Azad found the revolutionary activities restricted to Bengal and Bihar. Within two years, Azad helped setup secret revolutionary centers all over north India and Bombay.
Most revolutionaries were anti-Muslim because they felt that the British Government was using the Muslim community against India's freedom struggle. Azad tried to convince his colleagues that indifference and hostility toward the Muslims would only make the path to freedom more difficult.
Azad began publication of a journal called Al Hilal (the Crescent) in June 1912 to increase revolutionary recruits amongst the Muslims. The Al Hilal reached a circulation of 26,000 in two years. The British Government used the Press Act and then the Defense of India Regulations Act in 1916 to shut the journal down.
Azad roused the Muslim community through the Khilafat Movement. The aim of the movement was to re-instate the Khalifa as the head of British captured Turkey.
Azad supported Gandhiji's non-cooperation movement and joined the Indian National Congress (I.N.C) in January 1920. He presided over the special session of Congress in September 1923 and is said to be at the age of 35, the youngest man elected as the President of the Congress.
Azad was arrested in 1930 for violation of the salt laws as part of Gandhhiji's Salt Satyagraha. He was put in Meerut jail for a year and a half.
Azad was the staunchest opponent of partition of India into India and Pakistan. He supported a confederation of autonomous provinces with their own constitutions but common defense and economy, an arrangement suggested in the British Cabinet Mission Plan of May 1946. According to Azad partition was against the grain of the Indian culture which did not believe in "divorce before marriage." Partition shattered his dream of an unified nation where the Hindu and Muslim faiths would learn to co-exist in harmony.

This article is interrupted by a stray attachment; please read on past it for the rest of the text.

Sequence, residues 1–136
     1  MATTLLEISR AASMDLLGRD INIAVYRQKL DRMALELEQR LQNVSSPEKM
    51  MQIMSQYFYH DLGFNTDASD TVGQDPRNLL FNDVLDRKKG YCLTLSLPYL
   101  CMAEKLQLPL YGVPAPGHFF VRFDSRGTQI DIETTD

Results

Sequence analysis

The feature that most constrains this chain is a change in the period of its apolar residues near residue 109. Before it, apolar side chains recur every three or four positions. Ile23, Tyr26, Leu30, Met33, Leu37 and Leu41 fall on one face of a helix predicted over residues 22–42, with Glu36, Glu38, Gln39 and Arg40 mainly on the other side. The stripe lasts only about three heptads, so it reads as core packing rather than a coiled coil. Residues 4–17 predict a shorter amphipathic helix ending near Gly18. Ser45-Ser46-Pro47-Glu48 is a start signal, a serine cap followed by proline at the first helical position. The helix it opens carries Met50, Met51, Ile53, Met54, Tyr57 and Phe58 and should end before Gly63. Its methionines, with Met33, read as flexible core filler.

Maulana Azad served as the Minister of Education in Pandit Jawaharlal Nehru's cabinet from 1947 to 1958. He died in August 1958. Azad was honored with the Bharat Ratna posthumously in 1992. Azad is featured on an Indian postage stamp; there are many schools, colleges, roads and hospitals all over India named after him, the most famous of which is the Maulana Azad Medical College (situated in Old Delhi, on the site of an erstwhile British jail, and flanked by the Khooni Darwaza, a commemorative arch of the last of the Mughal heirs - murdered by a British officer in 1857). It is consistently rated among the top ten medical colleges in India.
As a scholar, Maulana Azad produced monumental literary works. Azad penned the book India Wins Freedom in 1957. He had also authored the Ghubar-i-Khatir, written in jail between 1942-1945, and with the Tadhkirah, a masterpiece of the Urdu language.
His commentary on the Qur'an is unique in the realm of Muslim liberation.
Whatever role he was called upon to play whether in the field of literature or politics, he lent to it a dignity and poise which was entirely his own. He is also remembered as a poet and writer of great skill.
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